Melissa: Yeah, you might have. It’s a very famous book…It’s a book not just about the history that a lot of American students don’t get to learn in school, because they learn through textbooks that leave a lot out, and leave a lot of opportunities for critical thinking – about history – out. But, there’s this line that says “Too few texts contain primary sources. It’s assumed that students cannot handle the ugly truth that history ‘is a furious debate formed by evidence and reason.’” And so, kind of what I’m getting at is, accurate information is necessary for people to be able to reason out why things happened the way they did…and to build evidence for their interpretation of history. Right? If you don’t have accurate information you don’t have solid evidence. You don’t really…you can’t really make an argument in that furious debate about history. Right, like our country has a way of disagreeing about – I am gonna go back to the civil war – you know, all those Confederate monuments that were put up (you know) 50/70/100 years after the civil war ended. And they tell the story of this glorious…South, this seperate country that broke off from the United States because they didn’t want to give up the slave system. They were willing to leave the country over that. They kind of tell a different kind of story about trying to be free of the tyranny of the federal government, trying to show pride in the efforts of their generals…their military generals. Which in a way, one can understand. If you feel like you were part of the side that ‘lost’, of course you want to look to the pieces of that war history that you can, I don’t know…take pride in. And I think studying history, one of the reasons we do it is to take pride in what our country has been and what it’s been about. But I also think people study history to really understand as much as possible, why things are the way they are. And that is not always about taking pride. It is about understanding as much information as we can know about the complex situations that have created why things are this way, and why they stay this way, or how and why they’ve changed.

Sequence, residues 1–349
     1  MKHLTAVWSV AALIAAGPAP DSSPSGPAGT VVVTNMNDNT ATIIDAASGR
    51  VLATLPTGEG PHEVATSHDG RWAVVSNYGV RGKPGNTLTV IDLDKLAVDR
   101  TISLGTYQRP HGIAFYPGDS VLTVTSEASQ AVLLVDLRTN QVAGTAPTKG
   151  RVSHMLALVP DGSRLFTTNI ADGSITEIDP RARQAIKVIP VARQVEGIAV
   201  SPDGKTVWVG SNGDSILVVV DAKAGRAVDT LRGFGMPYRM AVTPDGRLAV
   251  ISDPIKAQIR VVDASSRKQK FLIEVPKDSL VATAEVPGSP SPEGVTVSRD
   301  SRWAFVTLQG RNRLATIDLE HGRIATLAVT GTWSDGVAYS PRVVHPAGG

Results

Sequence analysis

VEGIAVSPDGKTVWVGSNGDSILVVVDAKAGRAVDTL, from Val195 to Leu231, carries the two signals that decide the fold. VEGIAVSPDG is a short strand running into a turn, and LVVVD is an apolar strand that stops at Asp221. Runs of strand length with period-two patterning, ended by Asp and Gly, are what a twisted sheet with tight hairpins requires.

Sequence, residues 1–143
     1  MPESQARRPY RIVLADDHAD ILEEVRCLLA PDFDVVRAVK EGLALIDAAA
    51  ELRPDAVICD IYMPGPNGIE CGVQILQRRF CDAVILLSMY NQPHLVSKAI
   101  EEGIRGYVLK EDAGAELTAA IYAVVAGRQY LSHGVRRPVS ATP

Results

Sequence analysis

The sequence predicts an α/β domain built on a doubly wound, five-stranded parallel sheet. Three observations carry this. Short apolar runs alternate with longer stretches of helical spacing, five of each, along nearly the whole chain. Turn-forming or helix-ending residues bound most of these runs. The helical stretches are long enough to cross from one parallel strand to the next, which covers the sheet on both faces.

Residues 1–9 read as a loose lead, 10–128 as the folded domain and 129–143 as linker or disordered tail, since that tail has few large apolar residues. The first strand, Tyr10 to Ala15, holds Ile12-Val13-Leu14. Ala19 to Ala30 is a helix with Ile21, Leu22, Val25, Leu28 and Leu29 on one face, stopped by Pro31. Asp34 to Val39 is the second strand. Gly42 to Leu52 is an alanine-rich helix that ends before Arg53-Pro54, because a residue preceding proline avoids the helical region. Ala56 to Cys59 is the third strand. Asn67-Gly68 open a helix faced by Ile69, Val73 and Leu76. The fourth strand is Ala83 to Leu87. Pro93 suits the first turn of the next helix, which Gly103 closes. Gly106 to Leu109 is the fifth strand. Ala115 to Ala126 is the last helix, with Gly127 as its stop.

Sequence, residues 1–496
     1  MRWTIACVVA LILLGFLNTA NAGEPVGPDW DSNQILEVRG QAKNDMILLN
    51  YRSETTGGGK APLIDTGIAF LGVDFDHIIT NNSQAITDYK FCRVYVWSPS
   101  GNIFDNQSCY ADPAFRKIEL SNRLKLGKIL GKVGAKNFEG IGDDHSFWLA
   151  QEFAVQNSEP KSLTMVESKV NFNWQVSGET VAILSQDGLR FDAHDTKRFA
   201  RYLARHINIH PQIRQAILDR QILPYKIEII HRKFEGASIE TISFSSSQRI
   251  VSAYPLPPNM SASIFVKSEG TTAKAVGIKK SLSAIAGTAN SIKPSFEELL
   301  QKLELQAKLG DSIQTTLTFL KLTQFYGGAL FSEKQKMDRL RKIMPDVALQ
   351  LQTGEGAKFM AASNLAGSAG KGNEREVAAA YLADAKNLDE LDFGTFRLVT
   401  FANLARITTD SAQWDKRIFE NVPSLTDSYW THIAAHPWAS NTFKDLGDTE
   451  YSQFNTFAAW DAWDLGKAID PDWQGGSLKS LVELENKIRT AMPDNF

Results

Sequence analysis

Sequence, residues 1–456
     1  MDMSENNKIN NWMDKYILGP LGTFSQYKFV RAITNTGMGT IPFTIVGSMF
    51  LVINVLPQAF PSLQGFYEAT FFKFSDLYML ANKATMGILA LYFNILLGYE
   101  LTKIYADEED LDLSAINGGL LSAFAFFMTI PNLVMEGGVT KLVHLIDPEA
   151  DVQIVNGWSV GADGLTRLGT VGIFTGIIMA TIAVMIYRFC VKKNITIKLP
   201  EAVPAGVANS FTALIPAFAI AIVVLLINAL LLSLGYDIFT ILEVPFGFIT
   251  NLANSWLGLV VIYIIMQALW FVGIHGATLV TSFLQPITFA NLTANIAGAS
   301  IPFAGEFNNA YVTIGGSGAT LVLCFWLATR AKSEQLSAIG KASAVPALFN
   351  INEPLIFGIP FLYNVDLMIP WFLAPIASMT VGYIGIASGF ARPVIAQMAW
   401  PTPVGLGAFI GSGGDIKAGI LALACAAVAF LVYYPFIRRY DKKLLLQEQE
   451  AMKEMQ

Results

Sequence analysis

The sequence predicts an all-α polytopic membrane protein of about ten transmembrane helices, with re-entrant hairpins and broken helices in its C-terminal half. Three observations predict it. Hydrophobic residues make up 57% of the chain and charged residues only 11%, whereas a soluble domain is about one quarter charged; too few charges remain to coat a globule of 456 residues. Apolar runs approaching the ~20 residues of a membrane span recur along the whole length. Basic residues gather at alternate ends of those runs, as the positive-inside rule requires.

Cassidy: Do you let your students use Wikipedia?
Melissa: Do I let students use Wikipedia? Yes. I let them use Wikipedia as a starting place.
Cassidy: Just as a starting place?
Melissa: Yeah. For example, if students are assigned to research people/places/events they’ve never heard of, how are they ever gonna find out anything about them if you don’t give them a place to start? And for me, Wikipedia is a fine place…’cus it’s an encyclopedia basically. And encyclopedias are just supposed to like, tell you about everything. It’s just supposed to give you a little bit of information, like, you don’t know Queen Nzinga? Well, look up when she lived. Look up, you know, look up what countries she was involved in. Maybe that will give you some sense of her era, some names of other people she’s associated with and what historical events she’s associated with. And then you can look up those as well. And so, Wikipedia is great for that starting place